Every Sunday he starts his sermon with the same prayer, repeating the Psalmist’s cry:
Let the words of my mouth and the meditation of my heart
be acceptable in Your sight,
O Lord, my rock and my redeemer.
We hear this call to focus week after week and sometimes it just takes that echo to reach the deeper places. And this Hebrew word, higgayown, means the resounding of a harp string. It is a somber resounding which reminds us of the original pluck.
Our hearts have resoundings too.
Once I heard a professor call meditation the “chewing of cud.” As humans, we take a bite and digest it. For animals who chew cud, they initially chew and chew the food, mixing it with their own juices and then they swallow it, but then literally bring the cud back up and ruminate again. The second swallow allows the food to go deeper into the second stomach where the cud is “sorted” from what is not edible and finally that substance goes into a stomach which is much like ours – where full integration of the food occurs in digestion.
Meditation is like this process. We take in some idea or thought or Scripture and we chew on it. If we are in a rush, we may want to gobble the stuff down like a teen boy on his way to meet his friends — we miss the meat this way. If we chew and chew and allow our mind to dwell, we are like the cow — breaking it down and mixing it with what is already within us. We can then bring the thought back up and chew some more. When we have finished chewing, the thought needs to be sorted from what is not edifying. We must discern before we fully digest. Finally we can integrate the goodness into our very being and it will come out of us in the end (pun intended), but, not in the way of a cow. Our meditation is shown in our words. God says, “Out of the mouth the heart speaks.” It is from our meditation, we speak. Our heart dwells on various thoughts and those thoughts become so much a part of us that they are our utterances. We are doing this all day long without thinking about it. God is prompting us into awareness through Psalm 19:14. Am I chewing on what is helpful, uplifting, and pleasing to God?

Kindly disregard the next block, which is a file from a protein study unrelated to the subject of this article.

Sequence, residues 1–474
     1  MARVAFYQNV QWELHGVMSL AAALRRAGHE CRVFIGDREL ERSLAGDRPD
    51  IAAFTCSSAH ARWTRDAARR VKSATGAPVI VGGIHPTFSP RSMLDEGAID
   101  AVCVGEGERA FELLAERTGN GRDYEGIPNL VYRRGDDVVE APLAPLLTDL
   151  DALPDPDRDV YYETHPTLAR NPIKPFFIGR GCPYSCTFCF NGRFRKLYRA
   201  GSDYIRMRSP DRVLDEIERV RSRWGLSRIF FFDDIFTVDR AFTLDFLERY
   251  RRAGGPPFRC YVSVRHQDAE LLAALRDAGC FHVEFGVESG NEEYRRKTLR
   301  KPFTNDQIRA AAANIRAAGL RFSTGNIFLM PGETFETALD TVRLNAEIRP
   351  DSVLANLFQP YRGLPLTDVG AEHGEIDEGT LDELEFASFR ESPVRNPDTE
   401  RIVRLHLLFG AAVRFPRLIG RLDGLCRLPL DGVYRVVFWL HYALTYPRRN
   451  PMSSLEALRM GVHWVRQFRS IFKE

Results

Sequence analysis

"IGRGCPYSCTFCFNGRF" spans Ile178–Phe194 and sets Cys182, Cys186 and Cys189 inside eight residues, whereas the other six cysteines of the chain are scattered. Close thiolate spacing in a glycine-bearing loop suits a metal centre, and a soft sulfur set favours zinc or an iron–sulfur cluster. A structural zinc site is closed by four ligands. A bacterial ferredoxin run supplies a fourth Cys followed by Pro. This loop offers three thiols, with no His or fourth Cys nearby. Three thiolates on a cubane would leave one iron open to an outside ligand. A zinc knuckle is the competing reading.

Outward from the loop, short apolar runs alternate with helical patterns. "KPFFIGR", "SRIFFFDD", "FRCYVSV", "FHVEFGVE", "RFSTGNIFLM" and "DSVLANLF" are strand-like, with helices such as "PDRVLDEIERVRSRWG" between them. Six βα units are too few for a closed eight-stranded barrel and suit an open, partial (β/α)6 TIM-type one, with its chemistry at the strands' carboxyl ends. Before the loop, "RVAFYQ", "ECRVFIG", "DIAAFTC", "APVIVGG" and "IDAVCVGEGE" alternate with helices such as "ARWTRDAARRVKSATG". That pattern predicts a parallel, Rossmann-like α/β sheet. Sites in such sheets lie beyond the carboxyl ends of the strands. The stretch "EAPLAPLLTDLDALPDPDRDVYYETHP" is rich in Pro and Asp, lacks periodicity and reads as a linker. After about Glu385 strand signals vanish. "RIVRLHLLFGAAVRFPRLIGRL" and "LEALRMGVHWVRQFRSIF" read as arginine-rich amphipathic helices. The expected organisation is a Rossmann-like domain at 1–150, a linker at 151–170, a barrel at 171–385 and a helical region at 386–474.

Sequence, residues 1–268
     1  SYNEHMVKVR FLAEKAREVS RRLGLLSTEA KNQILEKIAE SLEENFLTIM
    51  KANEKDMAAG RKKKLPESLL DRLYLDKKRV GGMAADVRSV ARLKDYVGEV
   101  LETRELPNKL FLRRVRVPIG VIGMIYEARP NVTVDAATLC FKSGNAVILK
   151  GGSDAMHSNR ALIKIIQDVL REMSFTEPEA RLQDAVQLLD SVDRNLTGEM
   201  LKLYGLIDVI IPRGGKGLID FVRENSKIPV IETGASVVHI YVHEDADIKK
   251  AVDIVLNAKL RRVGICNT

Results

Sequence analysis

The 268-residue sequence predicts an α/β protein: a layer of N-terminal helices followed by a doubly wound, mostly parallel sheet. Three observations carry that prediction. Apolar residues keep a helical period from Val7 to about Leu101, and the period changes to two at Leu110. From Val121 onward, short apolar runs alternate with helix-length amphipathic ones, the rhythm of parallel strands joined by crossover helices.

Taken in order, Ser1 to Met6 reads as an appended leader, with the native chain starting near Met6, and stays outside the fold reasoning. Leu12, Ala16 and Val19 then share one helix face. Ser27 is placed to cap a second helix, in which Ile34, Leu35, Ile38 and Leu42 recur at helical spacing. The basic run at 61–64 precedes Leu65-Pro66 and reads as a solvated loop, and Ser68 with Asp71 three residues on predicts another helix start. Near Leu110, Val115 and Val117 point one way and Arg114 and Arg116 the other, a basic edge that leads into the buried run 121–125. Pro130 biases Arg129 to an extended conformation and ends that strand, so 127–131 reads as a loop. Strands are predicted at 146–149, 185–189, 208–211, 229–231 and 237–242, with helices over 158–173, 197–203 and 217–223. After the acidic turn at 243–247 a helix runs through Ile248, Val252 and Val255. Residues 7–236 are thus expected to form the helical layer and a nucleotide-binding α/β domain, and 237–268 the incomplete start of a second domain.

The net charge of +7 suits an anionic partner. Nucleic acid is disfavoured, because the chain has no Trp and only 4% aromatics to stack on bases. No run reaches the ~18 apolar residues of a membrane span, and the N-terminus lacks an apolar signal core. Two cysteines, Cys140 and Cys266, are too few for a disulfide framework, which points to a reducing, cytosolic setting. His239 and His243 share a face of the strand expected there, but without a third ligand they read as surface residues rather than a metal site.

In His Word, God refers to meditation as hagiyg, or murmuring. The ancient practice was to mumble to oneself parts of God’s law or other Scripture. God encourages us to meditate upon His testimonies and His law. He also instructs us to meditate upon Him and His character. God extends an invitation to us which goes above what is seen. He wants to lift our heads and refresh our hearts.
We can meditate on so many things – and not even realize it. I can find myself distracted and “mumbling” over all sorts of things – what must get done, what is going on with the kids, what goals I have for my week or life, things which hurt me and much more. Like grazing animals, we are prone to nibble on all sorts of items as we search for what will nourish and that is why we must sort out what is for our final consumption and what should be rejected.
It seems only right and good that we meditate on things which will bring about the best for us and bless others. As the psalmist prays, we long for our words to be acceptable in God’s sight. It all comes down to the meditation, or focus, of our heart and mind.
This week, as I walk in my marriage, my motherhood and my friendships I will be intentionally praying that prayer which could seem obvious, but contains a prescription for abundant life. O Lord, let the meditation of my heart and the words of my mouth be acceptable in Your sight, my Rock and my Redeemer.
Will you join me?
Cow Photo courtesy of Mike Fowkes; Harp Photo courtesy of Rama on WikiCommons